Navigation Links
Teaching old genomes new tricks
Date:3/31/2011

RIVERSIDE, Calif. What are transposable elements, what role do they play, and what percentage of the genome of organisms do they comprise? Is there an explanation for the genetic diversity we see around us? Why, for example, are corn kernels spotted? What is the genetic basis for this spotted trait?

World-class geneticist Susan Wessler will give a free public lecture at 6 p.m., Thursday, April 14, at the University of California, Riverside that will answer the above questions and, in the process, also discuss the work of Nobel laureate Barbara McClintock and how a seemingly trivial discovery by her started a revolution in biology.

The hour-long lecture, titled "The Dynamic Genome: Unintelligent Design," will take place in Rooms D-E, University Extension Center (UNEX). Doors open at 5:30 p.m. Seating is open.

Wessler's lecture will be introduced by a science teacher from one of the local school districts, and will end with a question-and-answer session. Parking at UNEX will be free for lecture attendees.

Wessler holds a University of California President's Chair and is a distinguished professor of genetics in the Department of Botany and Plant Sciences. She is internationally recognized for her work in plant genome structure and stability. She is a member of the National Academy of Sciences (NAS) and a fellow of the American Academy of Arts and Sciences. In February 2011, she was elected home secretary of the NAS. She came to UC Riverside from the University of Georgia in 2010.

"Our genome has 2.5 billion letters that's about 1000 textbooks of 1000 pages each with no pictures," she said. "More than 50 percent of our genome is derived from transposable elements, which are DNA pieces that can move from one genomic location to another. In my talk I will explain how these transposable elements create genetic diversity."

The talk is being hosted by UC Riverside's College of Natural and Agricultural Sciences (CNAS) and the Science Circle, a group of university and community members committed to advancing science at UCR and in Inland Southern California.

The talk is the first of four lectures scheduled this year. The lecture series, titled "Science & Society: Major Issues of the 21st Century," aims to boost the public's awareness and understanding of science and of how scientists work.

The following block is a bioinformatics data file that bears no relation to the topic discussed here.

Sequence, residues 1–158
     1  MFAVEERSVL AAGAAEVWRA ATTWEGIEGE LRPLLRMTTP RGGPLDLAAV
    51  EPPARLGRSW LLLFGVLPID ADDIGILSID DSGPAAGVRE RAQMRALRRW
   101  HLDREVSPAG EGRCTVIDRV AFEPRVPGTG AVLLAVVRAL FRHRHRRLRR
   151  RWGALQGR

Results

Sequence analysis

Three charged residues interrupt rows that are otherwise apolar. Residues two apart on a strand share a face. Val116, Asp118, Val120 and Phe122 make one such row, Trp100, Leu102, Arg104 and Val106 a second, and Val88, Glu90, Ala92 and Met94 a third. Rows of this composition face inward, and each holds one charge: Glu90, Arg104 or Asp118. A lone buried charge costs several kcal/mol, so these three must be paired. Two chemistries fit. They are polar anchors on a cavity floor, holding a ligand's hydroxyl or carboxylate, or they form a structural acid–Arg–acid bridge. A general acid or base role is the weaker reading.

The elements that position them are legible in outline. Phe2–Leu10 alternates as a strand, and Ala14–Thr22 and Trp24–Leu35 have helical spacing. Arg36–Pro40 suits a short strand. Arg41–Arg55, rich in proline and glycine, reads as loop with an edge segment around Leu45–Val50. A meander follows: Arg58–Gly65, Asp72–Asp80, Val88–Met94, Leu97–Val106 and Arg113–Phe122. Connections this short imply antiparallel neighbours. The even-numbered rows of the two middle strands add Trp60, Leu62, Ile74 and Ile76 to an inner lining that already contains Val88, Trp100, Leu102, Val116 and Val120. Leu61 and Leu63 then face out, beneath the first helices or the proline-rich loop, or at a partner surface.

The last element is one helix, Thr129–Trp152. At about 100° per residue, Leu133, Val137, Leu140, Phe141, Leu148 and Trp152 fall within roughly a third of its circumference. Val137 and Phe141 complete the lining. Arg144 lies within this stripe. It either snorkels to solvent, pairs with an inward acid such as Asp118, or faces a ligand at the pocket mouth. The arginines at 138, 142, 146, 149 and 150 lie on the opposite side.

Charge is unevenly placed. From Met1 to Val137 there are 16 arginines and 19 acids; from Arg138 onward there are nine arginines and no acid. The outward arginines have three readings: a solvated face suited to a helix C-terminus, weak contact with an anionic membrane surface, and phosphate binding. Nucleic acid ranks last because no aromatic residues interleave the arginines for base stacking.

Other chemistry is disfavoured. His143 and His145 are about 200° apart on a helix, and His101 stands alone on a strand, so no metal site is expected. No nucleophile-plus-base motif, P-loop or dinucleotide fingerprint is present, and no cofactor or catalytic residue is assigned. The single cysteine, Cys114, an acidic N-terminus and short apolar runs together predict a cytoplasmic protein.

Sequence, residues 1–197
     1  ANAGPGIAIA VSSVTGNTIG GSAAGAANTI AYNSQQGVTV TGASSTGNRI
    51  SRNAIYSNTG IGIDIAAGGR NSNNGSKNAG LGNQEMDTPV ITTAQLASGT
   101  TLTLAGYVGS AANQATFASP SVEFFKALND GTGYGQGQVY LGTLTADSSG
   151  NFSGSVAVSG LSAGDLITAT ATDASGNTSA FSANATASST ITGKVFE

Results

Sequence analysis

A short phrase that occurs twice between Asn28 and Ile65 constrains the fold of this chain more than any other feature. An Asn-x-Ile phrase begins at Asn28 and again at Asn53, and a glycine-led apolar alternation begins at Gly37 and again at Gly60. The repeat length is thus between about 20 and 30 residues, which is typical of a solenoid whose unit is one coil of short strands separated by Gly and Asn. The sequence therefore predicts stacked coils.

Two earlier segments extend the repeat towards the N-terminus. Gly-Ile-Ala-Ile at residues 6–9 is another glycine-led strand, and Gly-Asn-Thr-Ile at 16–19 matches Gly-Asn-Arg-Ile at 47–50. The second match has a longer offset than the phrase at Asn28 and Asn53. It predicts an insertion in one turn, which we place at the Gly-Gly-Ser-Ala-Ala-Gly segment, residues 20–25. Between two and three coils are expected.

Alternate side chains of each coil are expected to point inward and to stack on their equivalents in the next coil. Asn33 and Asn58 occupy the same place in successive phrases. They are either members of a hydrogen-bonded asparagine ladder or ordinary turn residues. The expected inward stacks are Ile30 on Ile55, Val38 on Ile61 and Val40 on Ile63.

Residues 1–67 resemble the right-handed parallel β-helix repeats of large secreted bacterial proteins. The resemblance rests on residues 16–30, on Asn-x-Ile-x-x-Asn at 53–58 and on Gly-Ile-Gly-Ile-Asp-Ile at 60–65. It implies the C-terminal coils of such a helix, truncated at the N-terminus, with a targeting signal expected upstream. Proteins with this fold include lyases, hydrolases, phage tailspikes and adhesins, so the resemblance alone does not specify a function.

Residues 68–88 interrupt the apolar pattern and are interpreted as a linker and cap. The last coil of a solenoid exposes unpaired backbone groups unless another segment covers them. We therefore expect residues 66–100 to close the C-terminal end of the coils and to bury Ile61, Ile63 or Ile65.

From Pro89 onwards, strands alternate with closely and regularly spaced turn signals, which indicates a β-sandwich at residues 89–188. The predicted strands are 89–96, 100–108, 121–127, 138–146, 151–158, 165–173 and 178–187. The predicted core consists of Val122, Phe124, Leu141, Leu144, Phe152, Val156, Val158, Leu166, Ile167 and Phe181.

"We are facing a number of great challenges in the coming decades, as a state, as a nation, and as a planet," said Thomas Baldwin, the dean of CNAS. "Science has the potential to meet and overcome these challenges, but it is important that citizens understand our options, and their benefits and risks, so that they can make informed decisions. For example, in recent years we have made enormous strides in understanding how genetics works."


'/>"/>

Contact: Iqbal Pittalwala
iqbal@ucr.edu
951-827-6050
University of California - Riverside
Source:Eurekalert

Related biology news :

1. Skin color: Handy tool for teaching evolution
2. Radiologists play key role in teaching physiology to medical students
3. Simple, ingenious way to create lab-on-a-chip devices could become a model for teaching and research
4. ASPBs Teaching Tools in Plant Biology receives Gold Award
5. Mississauga teacher awarded prize for excellence in teaching genomics
6. McMaster, NVIDIA establish first CUDA Teaching Centre in Canada
7. Teaching communication and information literacy skills
8. Ethical issues ignored in teaching, research of sustainability
9. American Sociological Association launches first-of-its-kind teaching tool
10. Physical education teaching staff play key role in making you like sport
11. UAB professors book promises solution for teaching evolution without conflict
Post Your Comments:
*Name:
*Comment:
*Email:
(Date:4/26/2016)... and LONDON , April ... part of EdgeVerve Systems, a product subsidiary of ... today announced a partnership to integrate the Onegini ...      (Logo: http://photos.prnewswire.com/prnh/20151104/283829LOGO ) ... their customers enhanced security to access and transact ...
(Date:4/19/2016)... -- The new GEZE SecuLogic access control ... system solution for all door components. It can be ... interface with integration authorization management system, and thus fulfills ... dimensions of the access control and the optimum integration ... considerable freedom of design with regard to the doors. ...
(Date:4/15/2016)... DUBLIN , April 15, 2016 ... of the,  "Global Gait Biometrics Market 2016-2020,"  report ... http://photos.prnewswire.com/prnh/20160330/349511LOGO ) , ,The global gait ... CAGR of 13.98% during the period 2016-2020. ... movement angles, which can be used to compute ...
Breaking Biology News(10 mins):
(Date:6/23/2016)...   EpiBiome , a precision microbiome engineering company, ... financing from Silicon Valley Bank (SVB). The financing will ... its drug development efforts, as well as purchase additional ... has been an incredible strategic partner to us – ... would provide," said Dr. Aeron Tynes Hammack , ...
(Date:6/23/2016)... ... June 23, 2016 , ... In a new case ... Denmark detail how a patient who developed lymphedema after being treated for breast cancer ... could change the paradigm for dealing with this debilitating, frequent side effect of cancer ...
(Date:6/23/2016)... 2016 Andrew D ... http://doi.org/10.17925/OHR.2016.12.01.22 Published recently in ... from touchONCOLOGY, Andrew D Zelenetz , discusses ... care is placing an increasing burden on healthcare ... therapies. With the patents on many biologics expiring, ...
(Date:6/23/2016)... ... June 23, 2016 , ... Regulatory Compliance Associates® ... provides a free webinar on Performing Quality Investigations: Getting to Root ... CT at no charge. , Incomplete investigations are still a major concern to ...
Breaking Biology Technology: